The situation wasn’t helped by the poorly designed Hilco sign that had “up to” in minuscule writing — the source of another heap of complaints. It was not unusual for customers to demand a price check on every item in a basket or two full with goods. For a few days, I feared that the words “Is there 50% off that?” would be my epitaph.

Then there were the people who knew full well what the percentage off the item was, but were either too lazy or too thick to work out the final price for themselves — despite the handy table provided! People wondered why we didn’t change the price labels, but with discounts changing almost on a daily basis (and three times a day in the final day) this simply wouldn’t have been manageable.

Because Woolworths was closing down, some people thought they had the right to get items for next to nothing. One person had the cheek to ask for more money off because he was buying eight James Bond DVDs — but they were already 50% off!

None of these people looked like charity cases, and Woolworths wasn’t a charity. It was a business. Prices may have been reduced, but there was no need for us to give away stock (with the possible exception of the dummy CCTV cameras). It seemed to be news to some people that the administrators were duty-bound to recover as much money as possible. The familiar protest, “But it doesn’t matter, you’re closing down anyway,” makes no sense. When a company is in the sort of situation Woolworths found itself in, that’s when it needs money the most — not least because it needs to pay its workers.

A couple of customers provided a chuckle though. Some people were utterly oblivious to the problems that had hit Woolworths. One customer, just a few days before Christmas — three weeks after Woolworths went into administration — seemed confused and asked me in all seriousness, “What’s happened to all your stock?”

Woolies had been a major news story for about a month, including being the lead item on major bulletins on at least two days. This person had not heard about Woolies on the television or the radio; she hadn’t read about it in the newspapers; she didn’t even hear about it through word of mouth. Most astonishingly of all, she completely failed to read the dozens and dozens of “CLOSING DOWN” posters that were by then emblazoned all over the store!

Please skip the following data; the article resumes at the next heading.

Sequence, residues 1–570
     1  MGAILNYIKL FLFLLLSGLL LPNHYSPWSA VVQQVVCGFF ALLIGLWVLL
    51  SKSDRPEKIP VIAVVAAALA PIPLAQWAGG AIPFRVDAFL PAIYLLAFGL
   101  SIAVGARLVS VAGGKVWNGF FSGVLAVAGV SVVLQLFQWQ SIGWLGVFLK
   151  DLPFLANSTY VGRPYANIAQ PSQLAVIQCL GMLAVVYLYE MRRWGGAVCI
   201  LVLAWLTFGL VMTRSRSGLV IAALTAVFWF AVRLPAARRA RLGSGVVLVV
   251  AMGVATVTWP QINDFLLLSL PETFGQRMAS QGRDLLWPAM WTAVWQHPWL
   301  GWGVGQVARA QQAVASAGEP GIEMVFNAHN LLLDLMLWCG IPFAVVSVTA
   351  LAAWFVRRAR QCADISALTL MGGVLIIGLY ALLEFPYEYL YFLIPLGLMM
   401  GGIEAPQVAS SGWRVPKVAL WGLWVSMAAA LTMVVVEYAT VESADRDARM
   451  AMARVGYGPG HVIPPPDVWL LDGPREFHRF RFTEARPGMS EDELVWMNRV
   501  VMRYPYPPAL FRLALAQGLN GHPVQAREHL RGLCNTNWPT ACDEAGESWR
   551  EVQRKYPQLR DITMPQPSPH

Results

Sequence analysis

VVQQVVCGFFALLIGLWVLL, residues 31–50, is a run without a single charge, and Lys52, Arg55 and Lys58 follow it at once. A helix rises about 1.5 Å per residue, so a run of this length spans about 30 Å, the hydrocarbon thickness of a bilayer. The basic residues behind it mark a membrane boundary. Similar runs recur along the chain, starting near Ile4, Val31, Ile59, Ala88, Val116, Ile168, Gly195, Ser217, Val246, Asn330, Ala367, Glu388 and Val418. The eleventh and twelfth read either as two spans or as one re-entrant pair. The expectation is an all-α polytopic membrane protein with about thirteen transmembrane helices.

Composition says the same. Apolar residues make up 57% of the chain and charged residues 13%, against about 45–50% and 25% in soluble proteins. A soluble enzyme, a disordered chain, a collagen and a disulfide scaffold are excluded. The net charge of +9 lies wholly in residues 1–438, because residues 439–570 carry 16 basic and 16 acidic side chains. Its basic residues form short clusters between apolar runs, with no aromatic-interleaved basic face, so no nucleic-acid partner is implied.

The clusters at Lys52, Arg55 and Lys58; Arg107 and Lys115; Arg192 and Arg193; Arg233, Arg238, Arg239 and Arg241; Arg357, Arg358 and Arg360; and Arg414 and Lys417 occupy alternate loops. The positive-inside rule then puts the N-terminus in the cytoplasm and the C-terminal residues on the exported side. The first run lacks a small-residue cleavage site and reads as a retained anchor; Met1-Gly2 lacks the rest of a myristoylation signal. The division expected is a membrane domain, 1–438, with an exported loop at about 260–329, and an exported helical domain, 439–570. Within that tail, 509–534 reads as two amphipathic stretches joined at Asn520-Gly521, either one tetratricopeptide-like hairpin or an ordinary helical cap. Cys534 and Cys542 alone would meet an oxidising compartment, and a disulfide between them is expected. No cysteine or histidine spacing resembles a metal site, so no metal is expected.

Of course, it goes without saying that the vast majority of customers were very pleasant. In the final few weeks I had a lot of wonderful conversations with people wishing me all the best for the future.

But a few nasty people had a major sympathy bypass. The overwhelming message from these customers was: “Screw your job, I WANT A BARGAIN.” My final weeks at Woolworths brought with them a glimpse into the nasty side of human nature.

On 5 November, a poster appeared in the staff area at Woolworths. “Remember remember the 5th of November,” it proclaimed. The copy went on to outline how Woolworths would celebrate 100 years on Britian’s High Streets on 5 November 2009, and to look out for the celebrations the company would be having throughout the year. As soon as I saw that poster I thought to myself, “they’ve jinxed it.”

The first sign that the curtain was coming down came on 19 November when it was revealed that Hilco, a firm that specialises in salvaging something out of retailers that are about to go out of business, were in talks to buy Woolworths for a nominal sum of £1. It was not terribly unusual to see something about Woolworths in the business news if you looked out for it. This did mean that a lot of stories came and went, and at first it was difficult to know how seriously to take the Hilco story. It sounded a good deal more severe than anything I had read before though.

As time went on it became pretty clear that Woolworths was in serious trouble. I knew things were really bad when a representative of Pitch (think JML, but not as good) came into our store to remove their stock and display stand. That was the sort of thing, I thought, that happened to a company in the last few days of its life.